Taking in a baggy shirt

February 17, 2011 at 6:10 am | Posted in crafts, totally random | Leave a comment

This week I discovered just how easy it is to take in a baggy shirt, and what a huge difference it makes.  Same fat person in both photos, taken on the same day in the same clothes, but what a difference taking in those few baggy inches of empty fabric makes!  Update: I have been using this method for 4 years now, taking in too big clothes, or buying large mens shirts because I liked the graphics and turning them into a fitted ladies shirt.  It is so quick, and holds up well.  I still have this shirt 4 years later, and it has held up to washing and wearing very well.

You will need one shirt in cute fabric that is too big, and one shirt that fits well.   Knits are easier to alter since they stretch to allow room for the bust, but it isn’t much harder to alter a shirt made of woven fabric.

To start with, turn both shirts inside outwards.  Lay your baggy shirt on a flat surface.  Lay the shirt that fits over it, carefully centering it and lining up the collars and arm seams.

Use a fabric pen (or ink pen if you don’t care about marks inside your shirt) and trace the shirt that fits onto the baggy shirt.  Continue your line from the bottom of one sleeve down to the hem of the shirt.  If you are using a knit as your pattern for a non-knit baggy shirt you will need to add a little extra up top.  My bust is small, so an extra inch and a half was plenty.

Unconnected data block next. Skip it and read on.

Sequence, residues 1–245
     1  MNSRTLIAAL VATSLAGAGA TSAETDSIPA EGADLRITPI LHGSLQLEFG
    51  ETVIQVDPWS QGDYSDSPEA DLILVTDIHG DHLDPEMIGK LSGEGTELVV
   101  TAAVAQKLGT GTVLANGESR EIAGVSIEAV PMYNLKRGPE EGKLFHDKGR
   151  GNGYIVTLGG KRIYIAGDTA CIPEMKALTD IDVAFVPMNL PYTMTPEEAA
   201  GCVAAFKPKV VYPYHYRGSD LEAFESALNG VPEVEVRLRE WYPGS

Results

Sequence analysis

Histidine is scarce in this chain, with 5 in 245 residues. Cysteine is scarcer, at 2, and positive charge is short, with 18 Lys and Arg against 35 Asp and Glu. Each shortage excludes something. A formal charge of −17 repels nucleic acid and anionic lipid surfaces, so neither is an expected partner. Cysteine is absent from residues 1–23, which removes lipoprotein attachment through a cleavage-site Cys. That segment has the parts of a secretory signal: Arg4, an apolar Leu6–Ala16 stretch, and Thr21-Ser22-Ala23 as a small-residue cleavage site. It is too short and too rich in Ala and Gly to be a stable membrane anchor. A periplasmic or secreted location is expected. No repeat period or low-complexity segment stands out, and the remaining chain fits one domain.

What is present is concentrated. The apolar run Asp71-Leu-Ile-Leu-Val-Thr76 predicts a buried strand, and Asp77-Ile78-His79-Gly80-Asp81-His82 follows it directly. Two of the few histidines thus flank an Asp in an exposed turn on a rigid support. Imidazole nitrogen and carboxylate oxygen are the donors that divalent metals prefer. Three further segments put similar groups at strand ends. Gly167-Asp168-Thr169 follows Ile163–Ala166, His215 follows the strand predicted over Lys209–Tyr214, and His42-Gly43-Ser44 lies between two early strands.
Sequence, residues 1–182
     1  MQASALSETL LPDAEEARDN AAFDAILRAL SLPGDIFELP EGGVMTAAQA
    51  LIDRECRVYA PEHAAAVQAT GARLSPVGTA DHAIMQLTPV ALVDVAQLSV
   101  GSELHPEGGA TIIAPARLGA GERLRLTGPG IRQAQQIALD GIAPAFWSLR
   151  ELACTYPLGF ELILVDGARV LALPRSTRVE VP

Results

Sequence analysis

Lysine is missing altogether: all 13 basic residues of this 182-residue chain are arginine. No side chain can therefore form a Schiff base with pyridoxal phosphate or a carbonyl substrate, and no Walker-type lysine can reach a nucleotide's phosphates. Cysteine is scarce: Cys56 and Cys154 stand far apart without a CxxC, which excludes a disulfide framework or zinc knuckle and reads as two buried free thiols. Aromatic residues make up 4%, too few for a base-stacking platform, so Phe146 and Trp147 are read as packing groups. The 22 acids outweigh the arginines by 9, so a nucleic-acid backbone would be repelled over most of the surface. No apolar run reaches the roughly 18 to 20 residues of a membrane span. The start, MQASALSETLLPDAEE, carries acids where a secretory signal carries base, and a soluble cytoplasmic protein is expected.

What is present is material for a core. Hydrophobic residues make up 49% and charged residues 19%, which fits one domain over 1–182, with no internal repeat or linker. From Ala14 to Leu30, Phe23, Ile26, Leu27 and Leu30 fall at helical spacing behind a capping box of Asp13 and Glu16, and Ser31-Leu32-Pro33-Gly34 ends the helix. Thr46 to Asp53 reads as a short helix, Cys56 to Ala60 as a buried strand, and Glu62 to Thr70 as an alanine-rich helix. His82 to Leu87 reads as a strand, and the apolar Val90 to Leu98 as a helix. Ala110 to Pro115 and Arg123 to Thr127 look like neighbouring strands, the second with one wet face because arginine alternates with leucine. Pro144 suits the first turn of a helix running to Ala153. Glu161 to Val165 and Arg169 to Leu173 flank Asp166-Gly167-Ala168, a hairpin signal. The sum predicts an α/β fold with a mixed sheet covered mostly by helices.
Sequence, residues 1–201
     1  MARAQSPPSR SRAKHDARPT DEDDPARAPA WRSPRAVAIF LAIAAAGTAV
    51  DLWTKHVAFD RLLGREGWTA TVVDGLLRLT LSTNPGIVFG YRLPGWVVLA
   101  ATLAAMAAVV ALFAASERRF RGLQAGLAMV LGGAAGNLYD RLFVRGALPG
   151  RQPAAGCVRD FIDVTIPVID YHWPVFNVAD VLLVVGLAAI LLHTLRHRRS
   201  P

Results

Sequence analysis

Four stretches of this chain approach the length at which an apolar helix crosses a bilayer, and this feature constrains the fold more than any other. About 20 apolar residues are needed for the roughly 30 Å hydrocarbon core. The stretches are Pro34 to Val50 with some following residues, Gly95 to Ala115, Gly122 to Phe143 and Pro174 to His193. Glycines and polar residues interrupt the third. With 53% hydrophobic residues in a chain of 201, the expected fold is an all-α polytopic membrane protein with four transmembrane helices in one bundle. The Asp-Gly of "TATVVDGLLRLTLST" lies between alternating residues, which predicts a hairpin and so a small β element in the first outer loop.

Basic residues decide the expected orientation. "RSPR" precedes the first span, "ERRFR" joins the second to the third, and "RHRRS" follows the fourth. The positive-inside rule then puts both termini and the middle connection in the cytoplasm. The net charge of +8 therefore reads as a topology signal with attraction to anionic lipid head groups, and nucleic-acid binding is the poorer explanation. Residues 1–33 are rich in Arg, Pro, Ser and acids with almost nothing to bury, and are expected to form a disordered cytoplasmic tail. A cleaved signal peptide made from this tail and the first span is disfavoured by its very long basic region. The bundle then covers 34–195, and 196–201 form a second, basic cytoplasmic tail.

Sew along the lines that you drew (very hard to see in the photo, very easy to see in real life.)  Don’t trim the excess fabric yet.  Try the shirt on to make sure that it actually fits like you want it to.  It’s no big deal to rip out a single seam if you need to add or take away a little more.  Once you are satisfied with the fit, trim away the extra fabric using pinking shears.

Incredibly easy and really quick way to continue wearing clothes that are too big.  Wonderful for when you buy a cute shirt two sizes too big off the clearance rack because it was on the wrong hanger and you didn’t bother to check the actual tag inside the shirt, let alone try it on.  Or after you’ve lost 10 lbs, but don’t want to buy new clothes until you reach your final weight goal.  In my case, I bought the shirt too big AND lost some weight – making it that much more baggy.

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